Overreporting of exposure might result in overestimation of the associations with disorders, but previous studies have found that overreporting seems unlikely to occur,35,42 and underreporting exposure is actually more common.43 Indeed, we cannot exclude the possibility that the parents of children/adolescents with diseases (that is, current asthma or rhino-conjunctivitis) tend to remember/report the exposure more often than healthy subjects. However, it was found by other authors24 that self-reported questionnaires underestimated the presence of dampness at home when compared with objective inspection and that the tendency to underestimate dampness in the home was independent from the presence/absence of asthmatic children. Thus, any differential bias of underreporting should have led to conservative results in terms of health outcomes in our study. As a clue of internal validity, it is important to point out that mould/dampness were more prevalent in bedrooms with less exposure to the sun.
In conclusion, exposure to home mould/dampness accounts for a sizeable proportion of respiratory disorders such as wheeze and asthma. The association seems more evident in children than in adolescents, and when the exposure occurs early in life. This finding appears particularly important in view of the increasing trend of allergic sensitisation and atopic diseases worldwide, and given the profound changes that take place in the immune system during its development in infancy. These findings add information on the relations between respiratory health and temporal patterns of mould/dampness exposure, thus suggesting the implementation of environmental preventive strategies.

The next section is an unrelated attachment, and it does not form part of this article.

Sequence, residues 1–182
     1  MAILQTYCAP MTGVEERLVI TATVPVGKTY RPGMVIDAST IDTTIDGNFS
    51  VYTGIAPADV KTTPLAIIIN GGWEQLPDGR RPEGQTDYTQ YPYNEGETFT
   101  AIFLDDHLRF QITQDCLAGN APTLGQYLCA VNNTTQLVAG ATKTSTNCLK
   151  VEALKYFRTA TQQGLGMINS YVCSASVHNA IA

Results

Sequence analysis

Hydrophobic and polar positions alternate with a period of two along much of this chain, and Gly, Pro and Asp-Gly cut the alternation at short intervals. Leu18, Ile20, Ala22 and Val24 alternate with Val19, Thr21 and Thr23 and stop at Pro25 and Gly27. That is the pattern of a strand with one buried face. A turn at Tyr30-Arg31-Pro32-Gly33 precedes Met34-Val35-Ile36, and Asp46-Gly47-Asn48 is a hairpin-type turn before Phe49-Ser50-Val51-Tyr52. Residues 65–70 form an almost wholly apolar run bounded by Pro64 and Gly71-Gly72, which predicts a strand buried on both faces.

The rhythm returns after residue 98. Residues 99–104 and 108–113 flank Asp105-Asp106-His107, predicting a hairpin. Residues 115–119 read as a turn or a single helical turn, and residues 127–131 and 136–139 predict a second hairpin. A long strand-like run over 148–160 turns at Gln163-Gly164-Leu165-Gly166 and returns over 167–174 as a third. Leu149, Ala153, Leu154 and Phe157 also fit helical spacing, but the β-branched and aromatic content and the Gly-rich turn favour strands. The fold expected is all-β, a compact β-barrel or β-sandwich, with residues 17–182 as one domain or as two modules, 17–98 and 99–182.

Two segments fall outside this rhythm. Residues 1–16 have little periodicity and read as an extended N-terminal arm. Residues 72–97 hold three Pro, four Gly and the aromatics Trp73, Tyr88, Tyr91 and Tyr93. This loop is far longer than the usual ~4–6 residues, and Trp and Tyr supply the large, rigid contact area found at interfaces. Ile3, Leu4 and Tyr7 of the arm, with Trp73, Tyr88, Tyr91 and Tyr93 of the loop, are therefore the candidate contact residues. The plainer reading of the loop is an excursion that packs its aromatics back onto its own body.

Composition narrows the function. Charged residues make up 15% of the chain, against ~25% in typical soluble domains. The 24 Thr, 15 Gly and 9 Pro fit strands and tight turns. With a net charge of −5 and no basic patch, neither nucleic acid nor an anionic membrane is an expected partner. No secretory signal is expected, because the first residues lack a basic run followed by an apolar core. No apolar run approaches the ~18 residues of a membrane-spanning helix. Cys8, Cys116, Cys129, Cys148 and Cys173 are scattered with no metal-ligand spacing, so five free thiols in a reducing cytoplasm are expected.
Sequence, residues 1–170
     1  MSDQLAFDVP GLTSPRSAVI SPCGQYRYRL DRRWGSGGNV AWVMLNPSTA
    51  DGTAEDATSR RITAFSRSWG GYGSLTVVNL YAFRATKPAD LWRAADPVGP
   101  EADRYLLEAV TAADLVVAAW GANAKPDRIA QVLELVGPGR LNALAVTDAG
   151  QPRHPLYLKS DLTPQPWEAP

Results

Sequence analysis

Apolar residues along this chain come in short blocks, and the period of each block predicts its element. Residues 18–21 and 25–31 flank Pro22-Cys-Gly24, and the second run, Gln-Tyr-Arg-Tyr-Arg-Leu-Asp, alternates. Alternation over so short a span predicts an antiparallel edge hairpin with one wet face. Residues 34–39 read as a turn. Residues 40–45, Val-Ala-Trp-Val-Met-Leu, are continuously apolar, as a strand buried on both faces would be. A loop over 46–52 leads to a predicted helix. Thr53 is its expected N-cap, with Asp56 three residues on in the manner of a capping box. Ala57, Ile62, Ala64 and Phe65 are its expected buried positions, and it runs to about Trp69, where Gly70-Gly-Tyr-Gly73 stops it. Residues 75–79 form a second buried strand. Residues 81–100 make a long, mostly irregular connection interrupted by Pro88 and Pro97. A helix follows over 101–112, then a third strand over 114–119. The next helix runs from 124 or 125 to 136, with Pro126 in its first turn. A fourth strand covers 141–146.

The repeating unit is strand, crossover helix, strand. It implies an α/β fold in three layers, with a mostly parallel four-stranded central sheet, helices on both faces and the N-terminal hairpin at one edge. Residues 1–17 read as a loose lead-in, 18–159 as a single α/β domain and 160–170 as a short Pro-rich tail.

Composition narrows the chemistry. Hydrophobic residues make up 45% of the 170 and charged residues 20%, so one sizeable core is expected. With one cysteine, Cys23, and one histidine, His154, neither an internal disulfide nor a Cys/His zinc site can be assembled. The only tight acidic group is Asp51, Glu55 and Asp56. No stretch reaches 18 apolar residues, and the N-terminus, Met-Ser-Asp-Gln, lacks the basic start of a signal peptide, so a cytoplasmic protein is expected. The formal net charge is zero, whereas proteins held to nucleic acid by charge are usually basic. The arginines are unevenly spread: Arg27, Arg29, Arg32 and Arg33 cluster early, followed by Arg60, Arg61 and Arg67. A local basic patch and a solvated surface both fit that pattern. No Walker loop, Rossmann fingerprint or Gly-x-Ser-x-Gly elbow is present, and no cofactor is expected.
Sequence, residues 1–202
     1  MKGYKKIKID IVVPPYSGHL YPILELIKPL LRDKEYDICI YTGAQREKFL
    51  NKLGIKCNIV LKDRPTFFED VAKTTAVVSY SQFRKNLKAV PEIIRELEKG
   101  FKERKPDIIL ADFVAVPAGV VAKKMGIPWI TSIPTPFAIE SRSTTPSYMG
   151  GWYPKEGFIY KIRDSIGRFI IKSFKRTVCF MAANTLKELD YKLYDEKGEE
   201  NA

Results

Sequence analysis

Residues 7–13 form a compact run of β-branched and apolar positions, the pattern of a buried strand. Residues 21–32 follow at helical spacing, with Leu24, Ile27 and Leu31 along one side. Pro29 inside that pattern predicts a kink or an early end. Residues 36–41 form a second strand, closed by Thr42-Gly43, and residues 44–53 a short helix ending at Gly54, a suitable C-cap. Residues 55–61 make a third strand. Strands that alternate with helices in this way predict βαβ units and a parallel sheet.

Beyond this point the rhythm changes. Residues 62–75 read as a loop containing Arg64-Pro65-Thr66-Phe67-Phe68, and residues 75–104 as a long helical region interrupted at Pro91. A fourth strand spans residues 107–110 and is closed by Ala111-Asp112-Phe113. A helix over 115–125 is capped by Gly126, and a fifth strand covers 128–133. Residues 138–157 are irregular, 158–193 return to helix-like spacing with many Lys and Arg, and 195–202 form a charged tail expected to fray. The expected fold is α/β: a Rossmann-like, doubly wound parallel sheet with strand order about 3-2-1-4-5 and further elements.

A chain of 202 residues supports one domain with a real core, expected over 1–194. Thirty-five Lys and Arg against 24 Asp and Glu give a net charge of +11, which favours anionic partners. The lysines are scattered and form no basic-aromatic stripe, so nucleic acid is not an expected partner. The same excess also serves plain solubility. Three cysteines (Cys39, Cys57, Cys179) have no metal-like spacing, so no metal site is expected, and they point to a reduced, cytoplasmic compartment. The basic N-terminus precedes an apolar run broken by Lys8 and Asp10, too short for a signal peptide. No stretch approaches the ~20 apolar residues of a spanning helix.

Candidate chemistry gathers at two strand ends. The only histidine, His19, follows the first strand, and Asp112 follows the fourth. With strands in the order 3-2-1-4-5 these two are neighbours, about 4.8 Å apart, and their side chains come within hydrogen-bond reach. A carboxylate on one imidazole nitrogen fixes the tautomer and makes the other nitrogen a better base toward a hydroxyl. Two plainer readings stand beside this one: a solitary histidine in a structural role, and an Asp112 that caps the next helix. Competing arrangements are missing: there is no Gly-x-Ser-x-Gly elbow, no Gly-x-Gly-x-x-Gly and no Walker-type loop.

The SIDRIA-2 study has been partially funded by the Italian Ministry of Health.
Competing interests: none declared.
The SIDRIA-2 Collaborative Group: Ciccone G and Migliore E (CPO, Torino); Mirabelli D, Berti G, and Cadum E (ARPA, Torino); Bugiani M and Piccioni P (CPA, ASL 4, Torino); Bisanti L and Russo A (ASL di Milano); Rusconi F (Anna Meyer Children’s University Hospital, Florence) and Bellasio M (Università di Milano); Gianelle V (ARPA, Milano); Piffer S, Battisti L, Kaisermann D, and Gentilini M (APSS di Trento); Giannella G and Talassi F (ASL di Mantova); Caranci N, Frasca G, and Biocca M (ASR, Emilia Romagna); Galassi C (ASR, Emilia Romagna-CPO Piemonte), De Munari E (ARPA, Emilia Romagna); Chellini E (CSPO, Firenze); Lombardi E (Anna Meyer Children’s University Hospital, Florence); Biggeri A and Gabellini C (Università di Firenze), Grechi D (ARPAT, Firenze); Petronio MG (ASL di Empoli); Sestini P (Università di Siena); Viegi G and Simoni M (CNR, Pisa); Forastiere F and De Sario M (ASL RM/E, Roma); Pistelli R and Corbo G (Università S Cuore, Roma); Bonci E and Indinnimeo L (Università La Sapienza, Roma); Dell’Orco V (ASL RM/G, Roma); Agabiti N (Agenzia di Sanita’ Pubblica del Lazio, Roma); Armenio L, Brunetti L, Cavone M, Lospalluti ML, Massagli M, Polieri G, Rizzi D, Rana FR, and Rana M (Università di Bari); La Grutta S (ARNAS and IBIM-CNR, Palermo).